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Disparity in Rate of Immediate Breast Reconstruction at Safety Net Hospitals
Tiffany N.S. Ballard, MD, Lin Zhong, MPH, Adeyiza O. Momoh, MD, Kevin C. Chung, MD, MS, Jennifer F. Waljee, MD, MPH, MS.
University of Michigan, Ann Arbor, MI, USA.

PURPOSE: Considerable federal resources are directed to ensure that safety net hospitals (SNHs) provide equivalent care to vulnerable patients, and previous studies have demonstrated their efficacy. In this context, we sought to determine if rates of immediate breast reconstruction were similar between SNHs and non-safety net hospitals (nSNHs).
METHODS: Women ages 21-64 with breast cancer or increased risk of breast cancer undergoing mastectomy and immediate reconstruction were identified in the National Inpatient Sample database. SNHs were defined as hospitals with the highest quartile of disproportionate share hospital percentage. Adjusted odds ratios of undergoing autologous or implant-based reconstruction were calculated using multinomial logistic regression.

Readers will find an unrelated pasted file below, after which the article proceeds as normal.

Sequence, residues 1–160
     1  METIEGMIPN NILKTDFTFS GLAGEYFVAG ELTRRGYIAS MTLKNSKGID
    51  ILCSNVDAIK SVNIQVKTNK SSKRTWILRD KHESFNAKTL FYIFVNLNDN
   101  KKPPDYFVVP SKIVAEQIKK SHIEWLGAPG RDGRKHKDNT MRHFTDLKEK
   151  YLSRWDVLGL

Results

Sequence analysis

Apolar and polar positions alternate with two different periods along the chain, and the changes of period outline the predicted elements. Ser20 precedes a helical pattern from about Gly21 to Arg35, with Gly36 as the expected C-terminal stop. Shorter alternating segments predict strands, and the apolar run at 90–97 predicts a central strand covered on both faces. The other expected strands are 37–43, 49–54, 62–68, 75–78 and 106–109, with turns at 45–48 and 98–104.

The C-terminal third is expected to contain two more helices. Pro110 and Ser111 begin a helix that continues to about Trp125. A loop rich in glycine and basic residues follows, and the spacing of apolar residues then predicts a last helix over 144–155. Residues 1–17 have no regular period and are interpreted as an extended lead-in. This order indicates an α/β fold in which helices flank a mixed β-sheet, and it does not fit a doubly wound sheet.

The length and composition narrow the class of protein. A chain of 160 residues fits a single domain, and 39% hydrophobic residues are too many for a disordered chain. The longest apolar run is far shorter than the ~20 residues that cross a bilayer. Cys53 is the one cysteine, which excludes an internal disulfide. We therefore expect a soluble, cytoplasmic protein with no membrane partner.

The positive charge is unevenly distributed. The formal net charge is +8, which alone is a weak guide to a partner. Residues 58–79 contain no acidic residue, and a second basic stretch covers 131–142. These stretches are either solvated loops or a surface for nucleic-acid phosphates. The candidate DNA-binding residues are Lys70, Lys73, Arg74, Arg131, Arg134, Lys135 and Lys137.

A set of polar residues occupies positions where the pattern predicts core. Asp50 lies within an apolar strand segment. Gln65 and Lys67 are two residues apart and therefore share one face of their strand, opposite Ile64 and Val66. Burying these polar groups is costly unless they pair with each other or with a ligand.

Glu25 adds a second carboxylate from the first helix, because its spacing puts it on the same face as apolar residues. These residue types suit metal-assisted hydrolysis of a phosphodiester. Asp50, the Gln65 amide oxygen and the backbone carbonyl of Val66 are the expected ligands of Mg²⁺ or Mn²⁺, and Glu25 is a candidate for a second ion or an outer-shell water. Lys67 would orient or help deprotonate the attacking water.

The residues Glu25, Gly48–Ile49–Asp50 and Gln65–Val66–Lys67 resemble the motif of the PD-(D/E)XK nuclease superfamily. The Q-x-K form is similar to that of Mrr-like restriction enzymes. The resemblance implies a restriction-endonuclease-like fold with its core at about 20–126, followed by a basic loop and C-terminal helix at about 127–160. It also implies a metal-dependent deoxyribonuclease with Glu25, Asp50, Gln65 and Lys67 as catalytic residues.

RESULTS: Between 2005 and 2011, 67,478 mastectomies were performed. There were 9,922 autologous reconstructions, with 16% (n=7,833) at nSNHs compared to 12% (n=2,089) at SNHs (p=<0.001). Logistic regression controlling for age, race, primary payer, and chronic conditions revealed that patients at SNHs remained significantly less likely to undergo either autologous (OR 0.79, CI 0.74-0.84) or implant-based reconstruction (OR 0.82, CI 0.78-0.86) compared to those at nSNHs.

CONCLUSION: Even after accounting for sociodemographic factors, women treated at SNHs are less likely to receive breast reconstruction. Given the strong evidence supporting the long-term psychosocial benefits of reconstruction, it is critical to understand why reconstruction rates continue to lag at SNHs, despite federal efforts to ensure high quality care for vulnerable individuals.


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